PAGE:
CRANK: Given that you continued to ride at an elite level while holding down a full time job, how did you manage to combine the two? Could you compare a “day-in-the-life” of Doug Ryder as rider/manager/full-time job/family man versus the Doug Ryder of say 1994/1995?
DR: I started working and riding in 1997 which is something I enjoyed at first. Interacting with people on a daily basis in corporate life was something different to the once lonely hours of training most of the day and then eating and sleeping. I used to train a lot on my own and so cycling was quite lonely for the most part of the day. It is tough being in a relationship with someone like a top sportsman as it is all about you: the rest you need, the food you eat, the social life you lead depending on the race schedule etc. As I progressed in my professional work career and moved from Lotus to IBM and then to Microsoft it became harder and harder to maintain the level required as a professional cyclist although in that time I did manage to win an Argus Cycle Tour in 2001 and ended that year as the best pro rider in South Africa. I continued to captain the SA National team until 2003 and then rode more as a supporting rider to other riders in our team like Malcolm Lange.
When my son was born in 2004 and then our twin girls in 2006 it was pretty much over for my cycling career as our team had grown to sponsor other disciplines like an MTB team and BMX so I was running out of time. I had become a global account manager for Microsoft so I was travelling internationally every month and that did not help either in terms of maintaining any sort of fitness or work-life balance.
A typical day in 2004 was wake up at 4am; ride 100km’s before work, home by 07h30; at work by 08h30. Work until 17h00 and race to Kyalami race track to do another 60 – 90 minutes before dark on the track. Home by 19h30, kids were already asleep, have dinner and catch up with Nicky my wife and then in bed by 21h00 – the same again the next day. In the Nineties it was up at 07h00, ride from 08h30 to 13h30 or 14h00. Eat lunch and rest until 16h00 and then chat to friends and do stuff to try and look busy and the same again the next day.
CRANK: What are your plans and goals for 2011 and beyond?
DR: In 2011 we will have a bigger and better program for our UCI Men’s Continental Team with a goal to win the UCI Africa Tour and qualify as many riders as we can for the Olympic Games in 2012. We have added depth and strength to the men’s team and I look forward to seeing them performing not only locally but also internationally.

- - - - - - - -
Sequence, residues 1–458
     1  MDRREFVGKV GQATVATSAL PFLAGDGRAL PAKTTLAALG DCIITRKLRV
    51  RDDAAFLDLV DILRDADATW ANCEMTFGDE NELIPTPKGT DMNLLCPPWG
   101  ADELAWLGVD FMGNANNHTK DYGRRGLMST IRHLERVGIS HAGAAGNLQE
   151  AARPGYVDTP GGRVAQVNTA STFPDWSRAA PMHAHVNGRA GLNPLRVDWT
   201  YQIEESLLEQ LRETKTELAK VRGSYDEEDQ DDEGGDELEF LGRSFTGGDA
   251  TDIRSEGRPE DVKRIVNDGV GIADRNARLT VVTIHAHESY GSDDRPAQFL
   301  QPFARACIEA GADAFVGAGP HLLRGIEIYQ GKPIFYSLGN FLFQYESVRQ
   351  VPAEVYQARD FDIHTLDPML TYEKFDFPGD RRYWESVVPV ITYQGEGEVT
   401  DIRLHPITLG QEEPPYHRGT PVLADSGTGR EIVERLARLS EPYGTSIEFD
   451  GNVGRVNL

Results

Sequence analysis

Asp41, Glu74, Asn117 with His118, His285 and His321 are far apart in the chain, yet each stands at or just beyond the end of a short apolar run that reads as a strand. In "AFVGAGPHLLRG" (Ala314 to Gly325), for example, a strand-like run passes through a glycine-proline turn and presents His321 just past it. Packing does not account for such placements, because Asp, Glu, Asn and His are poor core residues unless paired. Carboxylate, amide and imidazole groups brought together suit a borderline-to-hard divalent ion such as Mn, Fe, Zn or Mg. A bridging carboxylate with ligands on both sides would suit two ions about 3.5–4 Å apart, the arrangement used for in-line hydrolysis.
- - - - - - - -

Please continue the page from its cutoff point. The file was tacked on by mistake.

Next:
Our women’s road team will no longer be a UCI team in 2011 as we have lost our star rider Carla Swart (10th in this year’s World Championships) to HTC and some of our other women too who no longer want to perform on the world’s stage. We will have a very young team in 2011 and build these riders to hopefully be the next stars of South African Women’s Cycling.
Our MTB team will register as a UCI MTB team and we will give our MTB women the opportunity to race most of the UCI World Cups to gain as many UCI points so as to increase their chances of competing in the 2012 Olympic Games. The MTB Men will support our Rwandan rider Adrien Niyonshuti to become a serious contender in the Ultra Marathon races in South Africa.
Our BMX star Sifiso Nhlapo will change his focus next year and he will focus on the ABA Pro rounds in the USA as well as all the SuperCross UCI rounds globally. Our mission statement is to become a recognised African Cycling Team in World Cycling and to be a part of developing a South African and African World Cycling Champion.
CRANK: Are you still an active cyclist? When will we see yourself and Mark Blewett team up for an assault on the Cape Epic?
DR: The team and family consume a lot of my time and I ride occasionally, at best twice a week. My wife is running a lot and she wants to run the Comrades Marathon in 2011 so I spend time with the kids while she is training. One day I guess I will tackle the Epic, next year I turn 40 and Mark and I have chatted about doing the Epic so we will see in the future but nothing planned at this stage.